Independent Student Newspaper Since 1969

The Badger Herald

Independent Student Newspaper Since 1969

The Badger Herald

Independent Student Newspaper Since 1969

The Badger Herald


Chilean official recalls struggles

Chilean ambassador Heraldo Munoz addresses UW community members on his book Monday.[/media-credit]

The current Chilean ambassador to the United Nations told a University of Wisconsin crowd how his country cycled from democracy to dictatorship and back again, advising beware of what you want as it may come true.

Heraldo Munoz’s lecture was based on his book — “The Dictator’s Shadow: Life Under Augusto Pinochet” — regarded as one of the best books of 2008 by The Washington Post.

Munoz gave the lecture chronologically, from the Chilean coup of 1973 when Army General Pinochet gained power up to Munoz’s participation in the executive committee of the campaign against granting Pinochet a second term in 1988.


Munoz began by speaking on the coup of 1973 that overthrew the Allende government and how the people of Chile were blind to the idea of the country becoming even more corrupt than it already was.

“We saw these other countries and their dictators, but we didn’t think we would have a dictatorship,” Munoz said. “We lost our sense of innocence.”

Following the coup was the potential rise to power of eventual dictator Pinochet. Pinochet was a radical reformer who supported government policies that severely hurt Chile’s economy, Munoz said.

Munoz said Pinochet was known for killing over 3,200 oppositionists and sending many more into exile to maintain his dictatorship. According to Munoz, it was not long before the people agreed something must be done peacefully.

“The only way to defeat Pinochet was through popular mobilization,” Munoz said.

According to Munoz, resistors began protesting, but Pinochet still would not leave.

Munoz said Pinochet simply began shooting the protestors.

“We came to a moment where we said, ‘What can we do to defeat this guy?'” Munoz said.

He added it was during 1988 that Chilean oppositionists in favor of democracy created a ratification referendum to fight for free elections, a new democratic regime and to make sure Pinochet was not brought back for his second term.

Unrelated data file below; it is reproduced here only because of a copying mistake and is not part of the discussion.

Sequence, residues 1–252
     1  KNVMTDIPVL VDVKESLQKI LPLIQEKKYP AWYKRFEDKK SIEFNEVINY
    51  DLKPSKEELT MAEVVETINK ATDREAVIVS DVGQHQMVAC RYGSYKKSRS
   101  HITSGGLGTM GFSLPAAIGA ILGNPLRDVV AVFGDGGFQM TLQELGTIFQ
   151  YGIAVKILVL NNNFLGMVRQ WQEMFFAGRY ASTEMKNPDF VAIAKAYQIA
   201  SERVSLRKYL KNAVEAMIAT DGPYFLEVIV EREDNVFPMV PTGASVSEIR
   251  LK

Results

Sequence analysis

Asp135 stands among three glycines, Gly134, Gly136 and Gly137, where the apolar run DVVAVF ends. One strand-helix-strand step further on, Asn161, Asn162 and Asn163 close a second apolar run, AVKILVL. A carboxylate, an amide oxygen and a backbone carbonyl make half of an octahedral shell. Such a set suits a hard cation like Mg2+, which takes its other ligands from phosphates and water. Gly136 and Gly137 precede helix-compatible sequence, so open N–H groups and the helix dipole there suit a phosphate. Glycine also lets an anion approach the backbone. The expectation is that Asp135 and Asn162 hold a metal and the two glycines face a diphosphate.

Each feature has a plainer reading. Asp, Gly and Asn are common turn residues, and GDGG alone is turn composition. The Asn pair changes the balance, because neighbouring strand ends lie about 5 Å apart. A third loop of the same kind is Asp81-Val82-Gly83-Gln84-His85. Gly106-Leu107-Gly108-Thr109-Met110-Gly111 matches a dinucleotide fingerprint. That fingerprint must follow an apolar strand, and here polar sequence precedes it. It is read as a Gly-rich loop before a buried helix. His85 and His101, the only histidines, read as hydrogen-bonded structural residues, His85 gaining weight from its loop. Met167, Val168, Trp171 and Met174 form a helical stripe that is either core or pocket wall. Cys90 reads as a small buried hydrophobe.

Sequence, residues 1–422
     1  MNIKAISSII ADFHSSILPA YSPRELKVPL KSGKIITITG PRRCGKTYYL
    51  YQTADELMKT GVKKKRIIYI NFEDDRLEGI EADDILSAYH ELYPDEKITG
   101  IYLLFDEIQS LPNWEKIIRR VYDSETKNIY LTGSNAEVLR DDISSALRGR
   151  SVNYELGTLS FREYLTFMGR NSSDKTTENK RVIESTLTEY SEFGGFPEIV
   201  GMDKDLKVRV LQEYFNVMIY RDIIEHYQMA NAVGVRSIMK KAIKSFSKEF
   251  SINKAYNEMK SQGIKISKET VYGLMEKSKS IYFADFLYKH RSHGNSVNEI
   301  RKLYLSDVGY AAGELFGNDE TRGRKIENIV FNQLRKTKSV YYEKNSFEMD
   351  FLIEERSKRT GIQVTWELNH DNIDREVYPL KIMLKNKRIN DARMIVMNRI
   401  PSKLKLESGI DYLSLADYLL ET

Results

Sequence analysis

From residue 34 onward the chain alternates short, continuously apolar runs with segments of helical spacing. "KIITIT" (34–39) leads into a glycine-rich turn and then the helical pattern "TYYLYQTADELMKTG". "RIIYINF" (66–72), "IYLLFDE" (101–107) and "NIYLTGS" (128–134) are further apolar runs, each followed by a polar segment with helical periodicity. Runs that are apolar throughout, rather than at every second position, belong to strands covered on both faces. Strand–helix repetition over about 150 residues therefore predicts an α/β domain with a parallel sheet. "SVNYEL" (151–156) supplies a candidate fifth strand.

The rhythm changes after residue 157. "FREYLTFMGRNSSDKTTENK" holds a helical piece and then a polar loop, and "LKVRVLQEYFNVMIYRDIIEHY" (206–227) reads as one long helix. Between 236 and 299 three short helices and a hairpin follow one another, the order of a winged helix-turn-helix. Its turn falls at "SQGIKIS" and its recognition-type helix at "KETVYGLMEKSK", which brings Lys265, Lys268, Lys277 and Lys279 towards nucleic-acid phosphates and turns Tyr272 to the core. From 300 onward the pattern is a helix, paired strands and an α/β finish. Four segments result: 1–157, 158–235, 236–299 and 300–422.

According to Munoz, it was not long before Pinochet became irrelevant and finally gave up all power in Chile, leading up to the formation of Chile as a democratic nation.

Anca Matioc, a UW junior who attended the lecture, saw the parallel between other nations’ struggles with democracy and Chile’s success in achieving it.

“Most countries take a classical challenge to democratization, and so [the lecture] was really relevant to struggling democracies all over the world.”

Like many other emerging democracies, Chile had to first confront a violent overlord.

“Will Pinochet be remembered as a reformer or a brutal dictator? I would say brutal dictator would win, hands down,” Munoz said. “You couldn’t even implement those changes without [murdering people] or without making them disappear.”

Fabiola Sigala-Diaz, a UW senior who also attended the lecture, found Munoz’s words helpful in putting her human rights course in context.

“I was interested in coming here because we haven’t gotten to Chile and I wanted some background,” Sigala-Diaz said. “This was a key for me to get an account from someone who experienced it firsthand.”

Leave a Comment
Donate to The Badger Herald

Your donation will support the student journalists of University of Wisconsin-Madison. Your contribution will allow us to purchase equipment and cover our annual website hosting costs.

More to Discover
Donate to The Badger Herald

Comments (0)

All The Badger Herald Picks Reader Picks Sort: Newest

Your email address will not be published. Required fields are marked *